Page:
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Points of Order and vote requirements


JohnMMD
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In situations where a point of order concerning a voting rule is appealed to the assembly, does it make sense for such an appeal to require merely a majority vote? It would make sense to me that such an appeal should need a vote as per the minimum (if not the maximum) most-specific written rule concerning the vote being appealed, as understood by the assembly.

I find a difficulty here:  how do you handle the material facts of the rules in such a case?  One can cite the written rules, but the vote on the rule of order is on the interpretation of the rules, and is pointless if you can simply cite rules. One can cite historical understanding of the vote, but the assembly can essentially pretend to remember history differently.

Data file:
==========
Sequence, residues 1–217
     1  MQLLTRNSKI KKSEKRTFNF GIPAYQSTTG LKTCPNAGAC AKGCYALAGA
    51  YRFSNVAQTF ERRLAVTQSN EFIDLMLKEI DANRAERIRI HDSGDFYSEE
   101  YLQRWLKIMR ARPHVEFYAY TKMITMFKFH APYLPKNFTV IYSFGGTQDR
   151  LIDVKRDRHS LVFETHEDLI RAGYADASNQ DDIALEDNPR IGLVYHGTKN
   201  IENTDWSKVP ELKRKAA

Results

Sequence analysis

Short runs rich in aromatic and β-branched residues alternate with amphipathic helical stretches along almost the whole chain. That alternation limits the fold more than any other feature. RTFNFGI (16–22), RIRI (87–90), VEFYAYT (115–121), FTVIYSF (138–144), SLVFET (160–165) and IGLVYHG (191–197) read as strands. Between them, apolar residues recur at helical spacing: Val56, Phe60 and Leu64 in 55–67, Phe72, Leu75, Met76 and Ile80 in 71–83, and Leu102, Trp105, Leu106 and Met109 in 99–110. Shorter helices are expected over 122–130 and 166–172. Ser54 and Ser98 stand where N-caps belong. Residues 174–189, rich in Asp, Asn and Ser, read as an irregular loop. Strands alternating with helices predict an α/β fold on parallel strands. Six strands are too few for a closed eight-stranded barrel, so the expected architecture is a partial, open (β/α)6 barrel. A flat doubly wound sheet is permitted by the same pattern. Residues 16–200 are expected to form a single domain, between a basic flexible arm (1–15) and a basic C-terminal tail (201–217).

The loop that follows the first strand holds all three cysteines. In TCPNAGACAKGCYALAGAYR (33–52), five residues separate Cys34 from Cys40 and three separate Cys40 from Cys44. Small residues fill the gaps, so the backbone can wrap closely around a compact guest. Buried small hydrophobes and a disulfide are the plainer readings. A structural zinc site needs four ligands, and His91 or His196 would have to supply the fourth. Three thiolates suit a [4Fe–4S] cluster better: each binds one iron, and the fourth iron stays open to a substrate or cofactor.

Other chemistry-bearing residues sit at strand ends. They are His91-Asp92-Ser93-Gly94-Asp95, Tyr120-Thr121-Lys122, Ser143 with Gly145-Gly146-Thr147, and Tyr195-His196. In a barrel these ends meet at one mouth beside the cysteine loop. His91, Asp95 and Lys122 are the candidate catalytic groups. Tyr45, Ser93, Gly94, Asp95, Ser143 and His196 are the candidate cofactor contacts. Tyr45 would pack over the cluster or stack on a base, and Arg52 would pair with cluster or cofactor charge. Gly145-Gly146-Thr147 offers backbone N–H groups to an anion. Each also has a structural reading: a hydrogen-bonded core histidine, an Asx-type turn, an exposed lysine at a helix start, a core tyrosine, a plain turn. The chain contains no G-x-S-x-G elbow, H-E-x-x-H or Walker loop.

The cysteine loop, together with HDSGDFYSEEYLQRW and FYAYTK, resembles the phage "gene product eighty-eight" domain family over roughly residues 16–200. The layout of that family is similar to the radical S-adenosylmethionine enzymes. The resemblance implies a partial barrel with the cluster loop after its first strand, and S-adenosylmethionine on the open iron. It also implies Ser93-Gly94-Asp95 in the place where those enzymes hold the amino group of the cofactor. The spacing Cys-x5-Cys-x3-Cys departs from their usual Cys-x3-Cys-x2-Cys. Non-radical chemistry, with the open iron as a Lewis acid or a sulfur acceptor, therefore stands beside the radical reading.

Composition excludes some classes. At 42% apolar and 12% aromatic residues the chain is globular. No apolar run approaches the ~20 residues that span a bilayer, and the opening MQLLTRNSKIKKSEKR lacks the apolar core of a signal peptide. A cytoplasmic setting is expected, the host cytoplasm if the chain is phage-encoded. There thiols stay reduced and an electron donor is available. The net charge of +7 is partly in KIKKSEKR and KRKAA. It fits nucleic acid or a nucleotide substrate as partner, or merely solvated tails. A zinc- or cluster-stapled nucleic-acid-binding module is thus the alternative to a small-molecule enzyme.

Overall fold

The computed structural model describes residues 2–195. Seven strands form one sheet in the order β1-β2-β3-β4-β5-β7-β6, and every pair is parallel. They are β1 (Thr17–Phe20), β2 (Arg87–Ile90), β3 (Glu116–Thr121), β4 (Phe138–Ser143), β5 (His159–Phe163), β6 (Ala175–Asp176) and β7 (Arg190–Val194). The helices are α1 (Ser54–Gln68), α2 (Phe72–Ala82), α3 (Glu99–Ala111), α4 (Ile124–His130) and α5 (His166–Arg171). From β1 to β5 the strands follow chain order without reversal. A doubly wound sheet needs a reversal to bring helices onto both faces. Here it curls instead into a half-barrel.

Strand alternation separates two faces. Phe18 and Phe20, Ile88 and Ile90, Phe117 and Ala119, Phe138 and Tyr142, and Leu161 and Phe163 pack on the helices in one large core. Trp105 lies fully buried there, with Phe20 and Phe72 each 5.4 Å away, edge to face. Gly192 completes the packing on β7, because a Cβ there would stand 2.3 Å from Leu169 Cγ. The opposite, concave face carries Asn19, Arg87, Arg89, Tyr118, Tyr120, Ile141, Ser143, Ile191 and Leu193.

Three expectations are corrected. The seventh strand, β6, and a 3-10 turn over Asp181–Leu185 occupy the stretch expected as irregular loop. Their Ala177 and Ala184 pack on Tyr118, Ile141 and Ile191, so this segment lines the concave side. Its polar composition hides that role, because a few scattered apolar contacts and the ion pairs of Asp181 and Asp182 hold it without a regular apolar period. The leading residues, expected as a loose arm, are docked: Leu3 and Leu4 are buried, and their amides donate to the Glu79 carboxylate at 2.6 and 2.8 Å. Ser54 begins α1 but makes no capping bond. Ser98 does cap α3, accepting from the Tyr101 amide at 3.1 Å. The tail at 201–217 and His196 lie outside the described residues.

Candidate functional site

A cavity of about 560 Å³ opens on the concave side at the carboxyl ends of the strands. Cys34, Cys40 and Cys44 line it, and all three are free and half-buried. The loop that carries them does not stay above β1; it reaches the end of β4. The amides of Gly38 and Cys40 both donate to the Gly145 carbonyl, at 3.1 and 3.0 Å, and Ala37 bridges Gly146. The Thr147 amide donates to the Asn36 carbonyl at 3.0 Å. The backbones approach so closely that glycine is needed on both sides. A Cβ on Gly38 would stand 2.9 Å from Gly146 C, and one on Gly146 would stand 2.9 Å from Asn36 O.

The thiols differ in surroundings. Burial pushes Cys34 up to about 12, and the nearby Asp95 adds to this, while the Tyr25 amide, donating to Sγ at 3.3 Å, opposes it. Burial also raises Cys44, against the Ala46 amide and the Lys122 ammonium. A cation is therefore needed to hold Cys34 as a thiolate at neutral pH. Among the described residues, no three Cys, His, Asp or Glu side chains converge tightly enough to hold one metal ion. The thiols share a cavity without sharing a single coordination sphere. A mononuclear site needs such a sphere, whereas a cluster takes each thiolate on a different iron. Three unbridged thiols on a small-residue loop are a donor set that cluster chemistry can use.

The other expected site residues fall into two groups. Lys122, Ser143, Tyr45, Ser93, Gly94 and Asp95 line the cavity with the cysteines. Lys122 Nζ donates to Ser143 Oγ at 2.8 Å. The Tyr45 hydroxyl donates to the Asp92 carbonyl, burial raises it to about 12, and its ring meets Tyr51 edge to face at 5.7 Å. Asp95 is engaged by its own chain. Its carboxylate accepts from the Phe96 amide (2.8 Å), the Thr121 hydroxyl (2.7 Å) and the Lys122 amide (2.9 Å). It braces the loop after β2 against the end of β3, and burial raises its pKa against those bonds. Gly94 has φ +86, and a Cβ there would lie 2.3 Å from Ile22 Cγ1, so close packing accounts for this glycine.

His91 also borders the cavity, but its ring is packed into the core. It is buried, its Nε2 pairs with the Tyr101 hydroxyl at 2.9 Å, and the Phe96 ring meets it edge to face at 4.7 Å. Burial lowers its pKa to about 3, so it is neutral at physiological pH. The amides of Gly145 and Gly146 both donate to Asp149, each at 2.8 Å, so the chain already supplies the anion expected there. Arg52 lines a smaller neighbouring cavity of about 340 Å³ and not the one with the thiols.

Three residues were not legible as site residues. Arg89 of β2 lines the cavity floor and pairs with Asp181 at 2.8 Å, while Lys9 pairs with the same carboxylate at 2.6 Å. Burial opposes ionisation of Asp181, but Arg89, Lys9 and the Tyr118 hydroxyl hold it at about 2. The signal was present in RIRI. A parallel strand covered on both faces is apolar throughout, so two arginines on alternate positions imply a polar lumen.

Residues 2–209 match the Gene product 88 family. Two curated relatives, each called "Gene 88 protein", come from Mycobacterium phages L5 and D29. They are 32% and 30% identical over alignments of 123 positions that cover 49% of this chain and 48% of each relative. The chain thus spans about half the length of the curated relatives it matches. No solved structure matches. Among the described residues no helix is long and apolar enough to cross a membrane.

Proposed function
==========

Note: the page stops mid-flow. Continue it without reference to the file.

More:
You could take the nuclear option and suspend the vote until such time as the Board or an appropriate Committee can assemble evidence and create a defensible ruling, although then you have to deal with minority-owned committees creating a farce.

In some sense, this is the problem with all rules:  we can simply ignore them.

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7 minutes ago, JohnMMD said:

In situations where a point of order concerning a voting rule is appealed to the assembly, does it make sense for such an appeal to require merely a majority vote? It would make sense to me that such an appeal should need a vote as per the minimum (if not the maximum) most-specific written rule concerning the vote being appealed, as understood by the assembly.

I find a difficulty here:  how do you handle the material facts of the rules in such a case?  One can cite the written rules, but the vote on the rule of order is on the interpretation of the rules, and is pointless if you can simply cite rules. One can cite historical understanding of the vote, but the assembly can essentially pretend to remember history differently.